Those were no pads in those shoulders– there were  drugs under that jacket!! In fact they were wrapped as Christmas packages with festive paper and duct tape! She removed her jacket and packed the items back in the over size interior pockets. Suddenly I noticed she had track marks on her arms. She was a drug dealer– but was she a drug dealer in a good way because she had padded shoulders? I guess your fashion style is a way to say who you are without having to speak. As soon as I got home I threw the darn jackets out and knew I could never look at a shoulder pad again. On a bad day there is always lipstick. 




Come and visit the Lanark County Genealogical Society Facebook page– what’s there? Cool old photos–and lots of things interesting to read. Also check out The Tales of Carleton Place.

Information where you can buy all Linda Seccaspina’s books-You can also read Linda in The Townships Sun andScreamin’ Mamas (USA)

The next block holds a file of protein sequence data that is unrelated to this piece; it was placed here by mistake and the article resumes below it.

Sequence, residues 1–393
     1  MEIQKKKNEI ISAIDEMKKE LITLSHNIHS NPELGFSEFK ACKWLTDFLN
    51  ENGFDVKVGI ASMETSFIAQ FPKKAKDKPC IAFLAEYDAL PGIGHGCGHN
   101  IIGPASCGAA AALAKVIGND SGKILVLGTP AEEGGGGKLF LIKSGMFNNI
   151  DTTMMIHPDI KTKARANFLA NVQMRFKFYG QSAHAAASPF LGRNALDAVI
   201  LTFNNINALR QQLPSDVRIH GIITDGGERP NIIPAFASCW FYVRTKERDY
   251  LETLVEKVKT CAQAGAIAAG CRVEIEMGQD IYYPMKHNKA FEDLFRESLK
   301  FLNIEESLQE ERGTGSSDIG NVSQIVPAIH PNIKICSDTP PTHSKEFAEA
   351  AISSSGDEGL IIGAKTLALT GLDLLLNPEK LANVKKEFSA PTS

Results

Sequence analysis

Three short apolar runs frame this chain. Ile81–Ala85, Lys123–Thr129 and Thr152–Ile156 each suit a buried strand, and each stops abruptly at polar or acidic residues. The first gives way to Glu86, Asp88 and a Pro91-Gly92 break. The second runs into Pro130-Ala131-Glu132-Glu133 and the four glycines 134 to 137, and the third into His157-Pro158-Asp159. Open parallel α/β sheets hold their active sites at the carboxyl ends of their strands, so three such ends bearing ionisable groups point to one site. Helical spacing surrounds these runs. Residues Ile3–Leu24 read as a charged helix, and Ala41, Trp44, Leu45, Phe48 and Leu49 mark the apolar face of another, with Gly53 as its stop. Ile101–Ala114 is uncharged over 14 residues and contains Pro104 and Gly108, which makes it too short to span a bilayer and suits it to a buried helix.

Linda’s Nickel Opinions — Blasts From the Past — Part 2

Linda’s Nickel Opinions — Blasts From the Past Part 1

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Linda’s Nickel Opinions — Blasts From the Past — Part 2

Linda’s Nickel Opinions — Blasts From the Past — Part 2

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April 2nd, 2006 3:31 am

In 1965 I became a stalker– full fledged. I had been stalking my crushes for years, but I perfected it in Grade 9 at Cowansville High School. Stalking is such an intense word– let’s call it ‘intense research of an individual’.